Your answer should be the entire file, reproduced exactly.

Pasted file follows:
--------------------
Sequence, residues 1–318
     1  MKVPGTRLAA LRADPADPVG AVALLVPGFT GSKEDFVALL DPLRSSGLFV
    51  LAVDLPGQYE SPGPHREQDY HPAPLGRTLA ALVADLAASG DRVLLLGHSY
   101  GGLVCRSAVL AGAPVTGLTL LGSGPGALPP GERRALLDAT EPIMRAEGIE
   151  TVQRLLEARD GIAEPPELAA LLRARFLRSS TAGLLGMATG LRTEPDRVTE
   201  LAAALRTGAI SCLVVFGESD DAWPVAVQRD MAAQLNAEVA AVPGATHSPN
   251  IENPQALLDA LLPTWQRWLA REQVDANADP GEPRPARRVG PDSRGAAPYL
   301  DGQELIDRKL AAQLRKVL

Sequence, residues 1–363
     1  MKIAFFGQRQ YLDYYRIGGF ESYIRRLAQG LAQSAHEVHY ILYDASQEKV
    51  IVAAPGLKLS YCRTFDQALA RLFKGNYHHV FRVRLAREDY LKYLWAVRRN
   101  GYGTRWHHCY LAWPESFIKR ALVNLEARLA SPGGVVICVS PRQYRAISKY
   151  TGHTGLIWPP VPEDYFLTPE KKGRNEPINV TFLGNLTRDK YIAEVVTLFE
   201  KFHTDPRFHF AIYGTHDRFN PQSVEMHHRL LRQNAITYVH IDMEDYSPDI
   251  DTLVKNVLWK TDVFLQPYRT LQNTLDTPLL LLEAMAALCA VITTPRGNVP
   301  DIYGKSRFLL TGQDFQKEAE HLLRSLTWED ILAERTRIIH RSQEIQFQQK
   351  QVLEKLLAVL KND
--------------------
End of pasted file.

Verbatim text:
Sequence, residues 1–318
     1  MKVPGTRLAA LRADPADPVG AVALLVPGFT GSKEDFVALL DPLRSSGLFV
    51  LAVDLPGQYE SPGPHREQDY HPAPLGRTLA ALVADLAASG DRVLLLGHSY
   101  GGLVCRSAVL AGAPVTGLTL LGSGPGALPP GERRALLDAT EPIMRAEGIE
   151  TVQRLLEARD GIAEPPELAA LLRARFLRSS TAGLLGMATG LRTEPDRVTE
   201  LAAALRTGAI SCLVVFGESD DAWPVAVQRD MAAQLNAEVA AVPGATHSPN
   251  IENPQALLDA LLPTWQRWLA REQVDANADP GEPRPARRVG PDSRGAAPYL
   301  DGQELIDRKL AAQLRKVL

Sequence, residues 1–363
     1  MKIAFFGQRQ YLDYYRIGGF ESYIRRLAQG LAQSAHEVHY ILYDASQEKV
    51  IVAAPGLKLS YCRTFDQALA RLFKGNYHHV FRVRLAREDY LKYLWAVRRN
   101  GYGTRWHHCY LAWPESFIKR ALVNLEARLA SPGGVVICVS PRQYRAISKY
   151  TGHTGLIWPP VPEDYFLTPE KKGRNEPINV TFLGNLTRDK YIAEVVTLFE
   201  KFHTDPRFHF AIYGTHDRFN PQSVEMHHRL LRQNAITYVH IDMEDYSPDI
   251  DTLVKNVLWK TDVFLQPYRT LQNTLDTPLL LLEAMAALCA VITTPRGNVP
   301  DIYGKSRFLL TGQDFQKEAE HLLRSLTWED ILAERTRIIH RSQEIQFQQK
   351  QVLEKLLAVL KND